On Friday, we talked about beauty. Today, we’re talking butts.

That’s right! The Butt Fumble (capitalized letters because it is indeed a proper noun) is likely the most infamous play of The Joey Era, and it’s quite possibly the most epic fail in the history of the NFL. It has its own Wikipedia page, caused ESPN to change the rules of their Not Top 10 plays, and literally ended Mark Sanchez’s career. The one play did all of that—and it also signaled the beginning in a new era of watching sports.

But first, let’s recap the play just in case the highlight doesn’t echo forever in your brain (in which case…what’s wrong with you?). It was Thanksgiving 2012, NBC primetime, Jets-Patriots. A month earlier, the two teams had played and gone to overtime. The Rex Ryan-led Jets were two years removed from back-to-back AFC Title game appearances and had inexplicably traded for Tim Tebow in the offseason. At 4-6, Jets fans were chanting for their team to pull Mark Sanchez in favor for everyone’s favorite youth pastor.

It was the second quarter, and the Jets were down 14-0. The play call was a simple fullback dive, but Sanchez turned left while the fullback ran the designed play, trying to receive a handoff on his right. Momentum carried the quarterback about five yards past the line of scrimmage and then, panicking, he plunged straight ahead—directly into guard Brandon Moore’s ass. The force of the collision swept Sanchez off his feet (let me emphasize this once more…with his face in his offensive linemen’s butt), the ball flew out of his hands, and Patriots safety Steve Gregory recovered it for a touchdown.

The wheels came off from there. The Patriots would score two more touchdowns before another minute ticked off the game clock “I coached for 30 years,” Ryan said later. “That was the worst quarter in the history of my coaching career, and there’s been some bad ones. But not even close to that one. It was brutal.”

It was brutal, but it was also perfect for Twitter. When Sanchez’s face smashed into Moore’s butt, the social media platform was just starting to enter the mainstream. In 2012, the site saw its user base double, and hashtags and the question of what would be trending were just starting to permeate online. Within seconds of the play, GIFs of the play made their way around, and eventually a hashtag emerged. There was a fumble because of a butt. Voila! #Buttfumble was born. An hour after the play first aired, 22,000 people had shared it on Twitter. By the time the postgame highlights were rolling, sportscasters were already adopting the name.

“Social media has really capitalized on the idea of image as a metaphor for life,” Ted Spiker, a journalism professor and social media expert from the University of Florida, told ESPN during a five-year anniversary celebration of the play. “You can sum up your entire existence and your complicated feelings in, like, four seconds. So now the Butt Fumble can describe your Monday or getting rejected at work. Butt Fumble has lived on because of that power that we now put in Vines and GIFs to define our lives for us in four seconds.”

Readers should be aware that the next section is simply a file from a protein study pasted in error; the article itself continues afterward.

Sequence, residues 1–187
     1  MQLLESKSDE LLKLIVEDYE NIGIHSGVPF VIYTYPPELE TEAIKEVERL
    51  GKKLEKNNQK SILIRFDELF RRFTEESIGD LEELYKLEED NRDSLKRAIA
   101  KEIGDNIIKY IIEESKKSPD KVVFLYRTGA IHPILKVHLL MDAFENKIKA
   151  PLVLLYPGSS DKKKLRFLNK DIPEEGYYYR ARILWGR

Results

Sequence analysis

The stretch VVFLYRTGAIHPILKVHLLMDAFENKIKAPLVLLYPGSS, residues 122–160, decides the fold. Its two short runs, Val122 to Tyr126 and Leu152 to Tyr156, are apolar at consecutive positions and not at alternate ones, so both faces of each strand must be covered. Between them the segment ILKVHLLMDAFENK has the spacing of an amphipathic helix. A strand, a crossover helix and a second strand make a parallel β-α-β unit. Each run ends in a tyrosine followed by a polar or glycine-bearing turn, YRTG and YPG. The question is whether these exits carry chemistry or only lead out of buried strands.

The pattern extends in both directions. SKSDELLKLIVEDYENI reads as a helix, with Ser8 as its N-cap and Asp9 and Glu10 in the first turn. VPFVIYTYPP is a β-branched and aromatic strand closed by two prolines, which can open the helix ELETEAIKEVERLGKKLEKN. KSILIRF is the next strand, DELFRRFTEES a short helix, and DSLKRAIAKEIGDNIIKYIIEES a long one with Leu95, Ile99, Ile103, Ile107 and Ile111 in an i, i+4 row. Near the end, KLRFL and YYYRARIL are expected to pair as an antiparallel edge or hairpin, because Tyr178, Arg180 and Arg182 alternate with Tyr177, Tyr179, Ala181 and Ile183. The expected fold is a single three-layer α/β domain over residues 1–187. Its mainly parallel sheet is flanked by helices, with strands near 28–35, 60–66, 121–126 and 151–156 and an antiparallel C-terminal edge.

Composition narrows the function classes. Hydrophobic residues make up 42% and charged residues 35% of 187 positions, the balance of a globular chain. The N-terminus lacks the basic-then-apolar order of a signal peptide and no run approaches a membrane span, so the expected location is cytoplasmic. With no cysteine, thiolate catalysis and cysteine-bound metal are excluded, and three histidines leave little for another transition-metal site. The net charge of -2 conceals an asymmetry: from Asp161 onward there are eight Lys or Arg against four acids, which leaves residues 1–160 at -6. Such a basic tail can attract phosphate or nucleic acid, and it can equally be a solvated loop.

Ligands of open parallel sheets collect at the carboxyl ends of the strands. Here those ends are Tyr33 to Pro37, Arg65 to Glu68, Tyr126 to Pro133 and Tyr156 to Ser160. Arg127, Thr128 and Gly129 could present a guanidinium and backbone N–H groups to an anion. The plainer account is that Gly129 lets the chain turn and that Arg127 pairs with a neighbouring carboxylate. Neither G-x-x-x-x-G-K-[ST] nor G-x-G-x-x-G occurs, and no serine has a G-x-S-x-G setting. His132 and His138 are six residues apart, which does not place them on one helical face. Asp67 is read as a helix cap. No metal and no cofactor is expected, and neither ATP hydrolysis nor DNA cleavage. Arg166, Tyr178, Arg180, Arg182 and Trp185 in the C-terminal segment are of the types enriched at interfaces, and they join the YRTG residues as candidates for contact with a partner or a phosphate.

I don’t remember if I was watching the game on TV or not, but I do remember the discussion around the play afterwards online. It was ubiquitous that Thanksgiving night, and with nearly a decade of remove, it’s clear that it was one of the first examples of how sports would exist in the digital age. It proved to be the moment that the digital era officially arrived for sports.

Most of my friends don’t watch many full games anymore, but that’s not to say they don’t know sports, though. They watch Twitter and Instagram for highlights instead, digesting games in the most important frames, picking up storylines from analysts and fans online. The leagues are noticing, too. In 2013, the NFL inked a deal with Twitter to share their highlights on the platform in almost real time. In 2014, the @NBA handle was added to official Spalding basketballs. “The way we’ve looked at it, we’ve been incredibly protective of our live game rights,” said NBA commissioner Adam Silver. “But for the most part highlights are also marketing.”

You’ll read stories about how league ratings are down, but look online and a different pattern is clear. People are as engaged as ever, while watching less and less. You don’t need to wait for the Jets to receive the kickoff, break the huddle, and go through their snap count to see the finished product. You can just see the Butt Fumble, chopped up and shared moments after it happened, and you’ll understand just as much about the game as you would have were you to have watched the whole prequel. It’s why Instagram’s House of Highlights, started by a college junior in 2014, sees over a billion views per month. It’s the new Sportscenter.

The Butt Fumble was a football catastrophe sure, but it was also a perfect storm. Butts, gaffes, and football? It’s a story made for the Internet.

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